The situation in Kashmir is a crisis of compassion: Ashvin Kumar
Soni Razdan and Ashvin Kumar speak about their new film No Fathers In Kashmir
Ashvin Kumar’s new film, No Fathers In Kashmir, released in theatres on April 5. Set in contemporary times, the film looks at themes of love, rebellion, oppression, and conflict through the story of two Kashmiri youngsters, Noor and Majid. Starring a formidable cast of Zara Webb, Soni Razdan, Shivam Raina, Kulbhushan Kharbanda and Anshuman Jha, No Fathers In Kashmir was engaged in a long battle with the Central Board of Film Certification (CBFC) before being cleared for release.
Razdan, who plays the role of Noor’s grandmother in the film, encourages audiences to accept alternative perspectives to the conflict in Kashmir. “When we look at the media, we get only one side of the picture. It's not like that picture doesn't exist — militancy is certainly a huge problem. But there's also another side to it,” she says.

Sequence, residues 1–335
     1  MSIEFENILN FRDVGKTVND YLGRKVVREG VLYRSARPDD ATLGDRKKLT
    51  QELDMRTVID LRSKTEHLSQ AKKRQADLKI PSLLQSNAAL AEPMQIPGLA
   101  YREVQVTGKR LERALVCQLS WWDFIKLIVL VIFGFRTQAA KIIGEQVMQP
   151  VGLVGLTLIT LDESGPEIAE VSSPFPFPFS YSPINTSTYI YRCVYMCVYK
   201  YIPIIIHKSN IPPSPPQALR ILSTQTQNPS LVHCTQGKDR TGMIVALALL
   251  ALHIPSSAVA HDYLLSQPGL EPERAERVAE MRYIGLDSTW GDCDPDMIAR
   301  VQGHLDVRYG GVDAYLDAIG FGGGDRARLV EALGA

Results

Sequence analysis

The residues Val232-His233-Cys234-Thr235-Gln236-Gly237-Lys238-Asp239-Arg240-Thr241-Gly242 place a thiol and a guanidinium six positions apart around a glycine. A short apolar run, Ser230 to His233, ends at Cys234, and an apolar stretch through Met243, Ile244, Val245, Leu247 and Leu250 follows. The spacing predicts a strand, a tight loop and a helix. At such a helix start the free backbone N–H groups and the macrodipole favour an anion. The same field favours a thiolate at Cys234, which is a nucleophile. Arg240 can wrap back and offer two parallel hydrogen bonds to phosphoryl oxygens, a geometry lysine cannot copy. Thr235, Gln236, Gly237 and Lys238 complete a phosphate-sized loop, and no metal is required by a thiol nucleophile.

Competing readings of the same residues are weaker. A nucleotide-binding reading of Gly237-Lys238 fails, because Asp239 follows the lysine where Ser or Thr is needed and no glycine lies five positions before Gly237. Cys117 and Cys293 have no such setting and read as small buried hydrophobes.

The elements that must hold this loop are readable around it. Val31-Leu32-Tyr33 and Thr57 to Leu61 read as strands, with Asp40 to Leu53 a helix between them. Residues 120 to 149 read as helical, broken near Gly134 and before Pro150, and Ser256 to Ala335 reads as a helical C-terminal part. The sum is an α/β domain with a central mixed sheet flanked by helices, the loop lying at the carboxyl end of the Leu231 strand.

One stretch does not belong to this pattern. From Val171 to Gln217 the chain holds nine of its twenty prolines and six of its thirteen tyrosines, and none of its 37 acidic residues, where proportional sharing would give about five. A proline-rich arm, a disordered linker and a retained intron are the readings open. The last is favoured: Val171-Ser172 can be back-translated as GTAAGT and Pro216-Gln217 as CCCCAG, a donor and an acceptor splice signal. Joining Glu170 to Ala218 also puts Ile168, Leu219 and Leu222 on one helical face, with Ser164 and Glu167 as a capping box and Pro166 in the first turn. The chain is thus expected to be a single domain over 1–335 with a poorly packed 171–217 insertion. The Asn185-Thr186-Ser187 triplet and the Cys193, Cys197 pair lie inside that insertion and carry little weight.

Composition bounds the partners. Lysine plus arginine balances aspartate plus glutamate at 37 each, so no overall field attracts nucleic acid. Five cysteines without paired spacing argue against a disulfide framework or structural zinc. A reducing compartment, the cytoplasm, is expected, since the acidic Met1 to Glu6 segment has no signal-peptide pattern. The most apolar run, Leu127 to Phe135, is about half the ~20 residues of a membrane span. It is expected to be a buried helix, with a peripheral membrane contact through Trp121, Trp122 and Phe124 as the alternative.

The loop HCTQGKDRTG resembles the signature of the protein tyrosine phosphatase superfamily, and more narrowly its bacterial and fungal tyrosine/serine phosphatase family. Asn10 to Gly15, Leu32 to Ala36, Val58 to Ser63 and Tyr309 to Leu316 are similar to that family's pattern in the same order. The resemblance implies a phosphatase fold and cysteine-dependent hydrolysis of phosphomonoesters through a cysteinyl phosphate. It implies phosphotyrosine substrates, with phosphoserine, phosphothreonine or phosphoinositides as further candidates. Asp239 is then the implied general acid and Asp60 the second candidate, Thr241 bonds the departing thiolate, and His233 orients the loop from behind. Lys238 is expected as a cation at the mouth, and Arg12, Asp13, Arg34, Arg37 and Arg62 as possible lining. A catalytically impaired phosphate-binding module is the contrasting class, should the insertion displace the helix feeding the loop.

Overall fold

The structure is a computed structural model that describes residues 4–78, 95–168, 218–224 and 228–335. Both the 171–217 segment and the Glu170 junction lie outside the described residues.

The veteran actor insists that the people of Kashmir deserve to get their stories heard. “We need to understand why a young man picks up a gun or becomes a militant. We cannot just go on blaming Pakistan. There's a long history to the insurgency that needs to be studied.”
Completed in mid-2018, No Fathers In Kashmir was denied a U/A certificate by the censor board. Ashvin, who contends that there was nothing objectionable in the film, applied to the Film Certification Appellate Tribunal (FCAT) in November last year. Over the course of six hearings in eight months, No Fathers in Kashmir was awarded a U/A certificate on March 14 with reduced cuts.
Acknowledging the voluble social media outrage in support of the film, Ashvin says, “I am grateful to all the personalities, from Mahesh Bhatt to Shashi Tharoor, who came out in support of the film. Without them and the media we wouldn't have won this battle.”
The two time National Award-winning filmmaker — whose short film Little Terrorist (2004) was nominated for an Oscar and whose documentaries Inshallah, Kashmir (2012) and Inshallah Football (2014) were widely acclaimed — describes the situation in the valley as a “crisis of compassion.”
“Through our film, we want young people all over India to connect with the youth of Kashmir,” he says. “It's all about the euphoria and hopefulness of being young.”